|Statistics and Files|
|Start: Reeth||Finish: Keld||Distance: 11.7 miles (18.9 km)|
|Time: 4-5 hours||Climbing: 624 metres||Rating: Hard|
|GPX Route File||Google Earth File||About Reeth|
|Start: Reeth||Finish: Keld|
|Distance: 11.7 miles (18.9 km)||Time: 4-5 hours|
|Climbing: 624 metres||Rating: Hard|
|GPX Route File||Google Earth File|
The Coast to Coast Map (OS 34) indicates an 11 mile route that includes Surrender Bridge and the Old Gang Smelting Mills, a route I recommend. However we deviated from that route by taking a low level path including some riverside walking which added two miles but included the bonus of visiting Gunnerside. As we left Reeth my aches had abated somewhat and we made good time skirting the river towards Isles Bridge. It was easy going and from Isles Bridge we headed to Gunnerside. At Gunnerside we stocked up with provisions for the evening as Keld is a dry village and our Youth hostel accommodation certainly had no bar to offer. The nearest pub to Keld is the famous Tan Hill Inn, the highest Inn in England but 5 miles from Keld - there are no bus routes up here and taxis are very scarce! We left Gunnerside stocked up and walked in beautiful scenery alongside the Swale until we arrived at Swinner Gill. Here we left the riverside and followed the Gill upstream to disused Lead Mines and from there ascended to Crackpot Hall. The countryside here, a northern fell environment is typically bleak and I imagined how tough it must have been for the Victorian miners and hill farmers working the land up here when the weather turned inclement.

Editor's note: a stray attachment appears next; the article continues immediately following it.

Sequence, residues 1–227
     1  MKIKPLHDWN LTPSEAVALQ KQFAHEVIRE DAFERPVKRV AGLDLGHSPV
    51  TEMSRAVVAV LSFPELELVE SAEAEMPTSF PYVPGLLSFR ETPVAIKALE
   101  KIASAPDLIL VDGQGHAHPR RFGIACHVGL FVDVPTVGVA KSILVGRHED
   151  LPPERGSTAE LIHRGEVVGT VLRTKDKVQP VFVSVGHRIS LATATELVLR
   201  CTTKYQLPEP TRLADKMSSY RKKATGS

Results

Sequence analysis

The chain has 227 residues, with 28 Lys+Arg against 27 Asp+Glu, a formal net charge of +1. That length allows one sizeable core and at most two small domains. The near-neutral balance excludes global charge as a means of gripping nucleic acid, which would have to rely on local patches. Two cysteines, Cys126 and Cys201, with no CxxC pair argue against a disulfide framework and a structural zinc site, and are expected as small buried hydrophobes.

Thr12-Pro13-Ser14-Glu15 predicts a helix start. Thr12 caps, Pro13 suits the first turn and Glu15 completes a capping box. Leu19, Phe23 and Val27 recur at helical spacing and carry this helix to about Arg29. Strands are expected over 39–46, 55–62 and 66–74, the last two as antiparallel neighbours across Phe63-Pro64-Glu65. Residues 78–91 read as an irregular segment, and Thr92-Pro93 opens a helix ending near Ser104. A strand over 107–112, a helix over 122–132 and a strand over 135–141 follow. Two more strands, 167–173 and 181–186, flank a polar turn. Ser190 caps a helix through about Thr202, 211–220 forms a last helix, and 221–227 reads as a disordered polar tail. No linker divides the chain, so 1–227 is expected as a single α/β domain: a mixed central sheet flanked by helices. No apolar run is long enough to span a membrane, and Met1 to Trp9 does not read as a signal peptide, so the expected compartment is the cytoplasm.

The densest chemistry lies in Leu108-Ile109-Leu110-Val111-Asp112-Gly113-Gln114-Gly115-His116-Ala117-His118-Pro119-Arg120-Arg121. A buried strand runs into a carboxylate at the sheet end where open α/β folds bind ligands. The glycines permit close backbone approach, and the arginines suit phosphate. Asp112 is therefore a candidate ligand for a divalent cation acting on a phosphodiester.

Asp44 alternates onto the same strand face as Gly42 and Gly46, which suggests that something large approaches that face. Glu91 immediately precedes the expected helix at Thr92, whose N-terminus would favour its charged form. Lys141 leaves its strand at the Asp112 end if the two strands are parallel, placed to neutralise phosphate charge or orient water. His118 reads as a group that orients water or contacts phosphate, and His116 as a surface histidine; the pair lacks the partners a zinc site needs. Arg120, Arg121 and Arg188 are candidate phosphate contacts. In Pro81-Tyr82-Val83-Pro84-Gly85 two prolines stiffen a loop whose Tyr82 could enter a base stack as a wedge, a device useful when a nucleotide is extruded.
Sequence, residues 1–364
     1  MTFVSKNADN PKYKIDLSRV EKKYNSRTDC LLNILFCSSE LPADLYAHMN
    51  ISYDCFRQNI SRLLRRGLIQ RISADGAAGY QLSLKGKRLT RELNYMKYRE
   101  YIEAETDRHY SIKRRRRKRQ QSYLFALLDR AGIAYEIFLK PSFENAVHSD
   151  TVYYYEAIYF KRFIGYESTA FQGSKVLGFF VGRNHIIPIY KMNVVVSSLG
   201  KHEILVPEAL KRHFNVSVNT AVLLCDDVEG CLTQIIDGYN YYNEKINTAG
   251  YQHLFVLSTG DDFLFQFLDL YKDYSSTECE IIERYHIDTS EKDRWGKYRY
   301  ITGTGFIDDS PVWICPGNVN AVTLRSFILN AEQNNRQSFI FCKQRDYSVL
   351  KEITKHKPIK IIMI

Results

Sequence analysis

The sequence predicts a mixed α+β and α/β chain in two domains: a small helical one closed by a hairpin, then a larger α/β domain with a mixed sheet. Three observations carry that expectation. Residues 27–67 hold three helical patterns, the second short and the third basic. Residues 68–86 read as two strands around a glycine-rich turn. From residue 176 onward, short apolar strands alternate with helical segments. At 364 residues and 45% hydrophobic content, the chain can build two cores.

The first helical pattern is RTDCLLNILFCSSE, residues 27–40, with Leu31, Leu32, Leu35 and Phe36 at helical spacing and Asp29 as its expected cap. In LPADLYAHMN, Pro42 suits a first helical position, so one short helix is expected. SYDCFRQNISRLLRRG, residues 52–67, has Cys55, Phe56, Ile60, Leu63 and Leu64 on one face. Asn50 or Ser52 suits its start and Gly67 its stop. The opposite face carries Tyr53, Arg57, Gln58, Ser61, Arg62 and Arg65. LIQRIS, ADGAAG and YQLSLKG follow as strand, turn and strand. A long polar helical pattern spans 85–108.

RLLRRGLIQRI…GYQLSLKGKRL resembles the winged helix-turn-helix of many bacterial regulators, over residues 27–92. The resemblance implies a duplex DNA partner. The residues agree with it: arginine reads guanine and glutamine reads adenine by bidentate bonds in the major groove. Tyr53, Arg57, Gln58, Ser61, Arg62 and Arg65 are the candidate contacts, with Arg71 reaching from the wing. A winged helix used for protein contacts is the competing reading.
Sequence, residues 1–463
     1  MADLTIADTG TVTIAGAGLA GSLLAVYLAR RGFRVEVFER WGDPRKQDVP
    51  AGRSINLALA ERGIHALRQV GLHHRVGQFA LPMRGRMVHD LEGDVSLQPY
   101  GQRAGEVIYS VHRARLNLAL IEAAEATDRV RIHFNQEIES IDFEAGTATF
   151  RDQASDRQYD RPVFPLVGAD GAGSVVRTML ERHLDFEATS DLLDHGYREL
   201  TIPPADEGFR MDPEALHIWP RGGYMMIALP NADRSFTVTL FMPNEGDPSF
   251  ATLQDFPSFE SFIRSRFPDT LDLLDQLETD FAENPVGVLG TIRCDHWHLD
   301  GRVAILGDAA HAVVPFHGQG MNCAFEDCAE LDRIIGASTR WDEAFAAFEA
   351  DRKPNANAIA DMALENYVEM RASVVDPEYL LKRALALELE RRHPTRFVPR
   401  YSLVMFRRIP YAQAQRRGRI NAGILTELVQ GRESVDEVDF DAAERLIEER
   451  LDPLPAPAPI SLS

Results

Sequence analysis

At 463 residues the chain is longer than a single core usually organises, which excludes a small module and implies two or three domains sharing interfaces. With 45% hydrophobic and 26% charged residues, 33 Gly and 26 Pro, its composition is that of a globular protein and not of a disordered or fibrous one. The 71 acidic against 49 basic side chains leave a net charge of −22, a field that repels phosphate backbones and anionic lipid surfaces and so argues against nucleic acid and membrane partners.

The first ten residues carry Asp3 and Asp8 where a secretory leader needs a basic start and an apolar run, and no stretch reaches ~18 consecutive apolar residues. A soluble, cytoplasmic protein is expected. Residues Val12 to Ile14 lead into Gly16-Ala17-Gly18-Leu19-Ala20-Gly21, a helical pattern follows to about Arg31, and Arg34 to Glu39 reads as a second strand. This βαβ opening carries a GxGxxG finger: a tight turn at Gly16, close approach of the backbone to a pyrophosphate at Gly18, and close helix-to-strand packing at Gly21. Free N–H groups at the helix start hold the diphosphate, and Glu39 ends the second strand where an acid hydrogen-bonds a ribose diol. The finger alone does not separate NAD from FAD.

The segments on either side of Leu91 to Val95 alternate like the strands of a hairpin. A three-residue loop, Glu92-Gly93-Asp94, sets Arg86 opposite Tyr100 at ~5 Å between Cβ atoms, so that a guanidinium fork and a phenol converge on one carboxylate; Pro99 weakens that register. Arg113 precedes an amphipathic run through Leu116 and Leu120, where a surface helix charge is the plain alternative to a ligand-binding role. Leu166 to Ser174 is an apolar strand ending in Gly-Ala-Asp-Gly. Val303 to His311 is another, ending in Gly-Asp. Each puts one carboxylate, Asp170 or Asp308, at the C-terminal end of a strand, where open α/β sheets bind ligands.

Soon after Crackpot Hall we dropped down to East Gill waterfall, a waterfall popular with visitors to Keld. On many occasions I have passed through here and encountered families picnicking beside the falls. Back to today and after taking the obligatory photograph we scampered through the short woodland path into the old Viking settlement that is Keld. On the feet issue, I was once again in acute pain on reaching the youth hostel. It was at this point I decided to abandon my boots and walk in trainers. It was a decision I should have took a little earlier in the walk. I was never to suffer again.
Note of interest - The village of Keld is surrounded by the hills of Swaledale and is as quiet a spot as you can hope to find (apart from the bleating of the sheep!) Enjoy your quiet evening in Keld as you have now reached halfway on the walk, a reason in itself for celebration